On the opposite side of this spectrum are North Macedonia and Bosnia and Herzegovina. The two countries hold the second and third positions in deaths related to covid per 100,000 people - in the world. North Macedonia has vaccinated 38,22% of its population, while Bosnia and Herzegovina only 22,50%. The Federation is also reporting 545 new infections on average each day, however, that is just 33% of their peak in April this year - around 4,000 per day. For the North Macedonians, the COVID-19 infections rate is decreasing, with 302 new infections reported on average each day.
Inside the EU
European Union is often divided into east vs west, north vs south, and other types of divisions depending on who creates the narrative. Even with the current Coronavirus crises, the EU is again divided. As mentioned above, the West overperformed, but a different picture is emerging in Central and Eastern Europe. A wave of covid cases and deaths threatens to overwhelm already overstretched health systems. The factors are many and different: in some countries, there was an ease on vaccination campaigns, on lockdowns, and on restrictions; in others, there were elections, political strife, and incompetentCovid policies. The fact is: some countries didn’t prepare enough and underestimated the virus
Latvia and Romania both took drastic actions in early October to free up space in hospitals that were being overwhelmed with new cases. Last Monday, Romania halted all nonemergency surgeries and hospital admissions, while on Tuesday Latvia declared a state medical emergency, diverting resources to focus on coronavirus infected patients. The series of inadequate measures had results: test positivity for the EU/EEA in the week of 04-10.10.2021 was 10% or higher in three countries (Bulgaria, Estonia, and Romania_. The hospital occupancy rate (meaning daily occupancy in the last week per 100 000 population) in the week 27.09-03.10.2021 was 50% or higher in four countries (Bulgaria, Finland, Latvia, and Lithuania).
Latvia is currently at its peak of daily infections with average numbers reaching more than 1,600. The same is experiencing Romania, currently at its peak as well, with 13,700 daily infections. The Romanians are also ranked fifth in the world in rate of deaths caused by COVID-19 in the last 7 days: 1,838 people. Regarding vaccination, Latvia has vaccinated 52,22% of its population while Romania is at the bottom of the EU with 32,87%. The 14-day COVID-19 death rate for the EU/EEA in the week of 04-10.2021 was 100 per 1 million population in three countries (Bulgaria, Lithuania, and Romania).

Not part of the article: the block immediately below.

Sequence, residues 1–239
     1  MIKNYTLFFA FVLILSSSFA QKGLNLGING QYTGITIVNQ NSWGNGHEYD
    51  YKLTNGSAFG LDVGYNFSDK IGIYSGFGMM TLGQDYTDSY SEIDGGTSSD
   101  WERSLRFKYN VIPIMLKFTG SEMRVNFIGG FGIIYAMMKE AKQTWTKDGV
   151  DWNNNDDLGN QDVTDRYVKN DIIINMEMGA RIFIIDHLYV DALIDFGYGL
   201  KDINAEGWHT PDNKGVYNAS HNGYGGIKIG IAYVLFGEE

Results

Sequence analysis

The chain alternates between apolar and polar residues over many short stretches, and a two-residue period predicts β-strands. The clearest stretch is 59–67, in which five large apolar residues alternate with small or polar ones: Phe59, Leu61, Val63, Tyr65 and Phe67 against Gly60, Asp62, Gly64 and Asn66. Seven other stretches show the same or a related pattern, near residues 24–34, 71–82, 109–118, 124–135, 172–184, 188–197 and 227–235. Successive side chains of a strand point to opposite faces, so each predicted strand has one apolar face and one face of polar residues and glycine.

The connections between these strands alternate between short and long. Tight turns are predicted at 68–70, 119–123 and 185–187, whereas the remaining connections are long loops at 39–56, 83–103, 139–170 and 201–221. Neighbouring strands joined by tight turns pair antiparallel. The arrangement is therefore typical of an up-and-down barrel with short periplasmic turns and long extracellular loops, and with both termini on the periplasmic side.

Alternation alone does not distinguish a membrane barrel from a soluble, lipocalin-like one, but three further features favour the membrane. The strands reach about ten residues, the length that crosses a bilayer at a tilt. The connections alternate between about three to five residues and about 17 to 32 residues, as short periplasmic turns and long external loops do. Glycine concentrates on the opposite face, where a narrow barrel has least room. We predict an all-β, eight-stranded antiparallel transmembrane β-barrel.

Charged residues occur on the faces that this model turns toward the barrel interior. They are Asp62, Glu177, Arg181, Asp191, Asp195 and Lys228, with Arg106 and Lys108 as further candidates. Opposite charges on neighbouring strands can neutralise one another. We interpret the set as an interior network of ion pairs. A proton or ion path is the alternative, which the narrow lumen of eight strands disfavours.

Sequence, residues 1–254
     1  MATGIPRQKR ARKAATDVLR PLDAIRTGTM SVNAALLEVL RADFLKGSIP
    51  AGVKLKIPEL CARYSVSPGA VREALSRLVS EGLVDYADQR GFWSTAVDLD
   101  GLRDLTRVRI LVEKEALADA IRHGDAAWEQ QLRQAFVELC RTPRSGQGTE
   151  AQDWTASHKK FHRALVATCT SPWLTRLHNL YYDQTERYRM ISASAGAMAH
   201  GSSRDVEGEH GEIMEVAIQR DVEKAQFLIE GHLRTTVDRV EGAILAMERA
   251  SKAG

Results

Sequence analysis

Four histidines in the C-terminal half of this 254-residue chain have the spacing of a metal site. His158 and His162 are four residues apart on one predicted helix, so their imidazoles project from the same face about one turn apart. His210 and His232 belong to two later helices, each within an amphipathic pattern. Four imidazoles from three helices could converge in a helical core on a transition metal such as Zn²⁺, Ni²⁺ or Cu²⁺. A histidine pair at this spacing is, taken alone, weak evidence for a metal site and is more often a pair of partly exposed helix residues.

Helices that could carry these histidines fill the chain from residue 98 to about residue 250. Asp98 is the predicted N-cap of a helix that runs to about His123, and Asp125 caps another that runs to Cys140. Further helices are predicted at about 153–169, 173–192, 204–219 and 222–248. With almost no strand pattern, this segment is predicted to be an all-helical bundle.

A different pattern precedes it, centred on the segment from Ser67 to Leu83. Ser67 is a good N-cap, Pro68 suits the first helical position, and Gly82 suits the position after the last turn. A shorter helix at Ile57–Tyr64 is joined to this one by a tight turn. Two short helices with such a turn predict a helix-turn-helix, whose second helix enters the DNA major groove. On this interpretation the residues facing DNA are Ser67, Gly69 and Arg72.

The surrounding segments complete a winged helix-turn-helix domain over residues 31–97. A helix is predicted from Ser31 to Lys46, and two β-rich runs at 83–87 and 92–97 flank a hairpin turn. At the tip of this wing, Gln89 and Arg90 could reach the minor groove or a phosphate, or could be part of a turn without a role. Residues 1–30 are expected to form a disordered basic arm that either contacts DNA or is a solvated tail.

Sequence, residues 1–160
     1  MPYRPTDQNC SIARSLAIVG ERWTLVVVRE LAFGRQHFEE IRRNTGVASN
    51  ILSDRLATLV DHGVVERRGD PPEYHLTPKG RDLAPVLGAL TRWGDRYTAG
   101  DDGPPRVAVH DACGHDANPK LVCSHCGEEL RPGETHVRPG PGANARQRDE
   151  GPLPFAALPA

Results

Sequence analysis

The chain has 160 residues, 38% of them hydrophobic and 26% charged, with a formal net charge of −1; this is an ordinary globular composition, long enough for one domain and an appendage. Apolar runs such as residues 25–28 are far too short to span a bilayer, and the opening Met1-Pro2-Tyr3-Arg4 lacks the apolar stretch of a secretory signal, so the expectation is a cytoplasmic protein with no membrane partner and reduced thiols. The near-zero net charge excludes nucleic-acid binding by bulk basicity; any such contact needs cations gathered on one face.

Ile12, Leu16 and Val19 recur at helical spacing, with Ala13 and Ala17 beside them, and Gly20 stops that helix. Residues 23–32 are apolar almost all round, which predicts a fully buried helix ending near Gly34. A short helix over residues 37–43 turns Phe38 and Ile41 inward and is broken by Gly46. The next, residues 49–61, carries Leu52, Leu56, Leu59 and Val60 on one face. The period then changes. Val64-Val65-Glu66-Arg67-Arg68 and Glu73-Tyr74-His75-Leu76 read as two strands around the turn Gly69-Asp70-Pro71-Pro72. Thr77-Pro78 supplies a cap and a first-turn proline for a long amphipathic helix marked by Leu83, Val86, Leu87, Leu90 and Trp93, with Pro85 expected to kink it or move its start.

Is Bulgaria Doing the Worst Job with the COVID-19 Crises Compared to the Rest of Europe? Yes..and no.
Bulgaria is far from the top places in total deaths caused by COVID-19 in the world, even in Europe and the EU. However, the country is fourth in death rates per 1 million people reaching the number of 3,168.4, and is also second in deaths per 1 million people in the last 7 days with 73.97, topped only by Romania. This is far from reassuring, however, as Romania has a population of 19,186,201 while the Bulgarians are less than 6,800,000.
The average number of new infections reported each day in Bulgaria rose by more than 920 over the last 3 weeks. What is more concerning is that the country is last in the EU’s statistics on vaccinations. It is not only the EU, however. On the European continent, the country with the least vaccinated people is Ukraine with 17,93% followed by Bulgaria with 20,41%. This means that Bulgarians are not only the least vaccinated nation in the European Union but are a close last to the country with the least vaccinated population on the entire continent. A study conducted by the Center for Analysis and Marketing showed that 40% of Bulgarians do not plan to get vaccinated against the Coronavirus. In addition, doctors inside the country report that there are not enough hospital beds and that the so-called “covid zones” do not offer anything for infected patients.
On October 13, 2021, there was a briefing by the Health Ministry on the COVID-19 situation in Bulgaria. A comparative analysis of the incidence in the country compared to other countries was presented by Professor Iva Hristova. She claimed that “in neighboring Serbia, the number of patients is many times higher than in Bulgaria”. She was right. Serbia has a total of 1,031,283 Coronavirus cases while Bulgaria has 534,312 up until October 14, 2021. However, Professor Hristova failed to mention that Serbia has a COVID-19 total death count of 8,946 people compared to Bulgaria’s 22,102; Serbia has 286 patients in serious or critical condition while Bulgaria has 493; Serbia has 1029 deaths per 1 million of the population in comparison to Bulgaria’s 3,212. Lastly, the gap in vaccination rate between the two countries is over 24% in favor of Belgrade.
Numbers can be easily skewed into different results serving someone’s agenda conveniently. We can look at lower statistics for Bulgaria and say we’re doing good compared to a different country. Or we can look harder at the numbers that matter and take action, while there is still time. So is Bulgaria doing that bad compared to the rest of Europe? The reader can decide for themselves.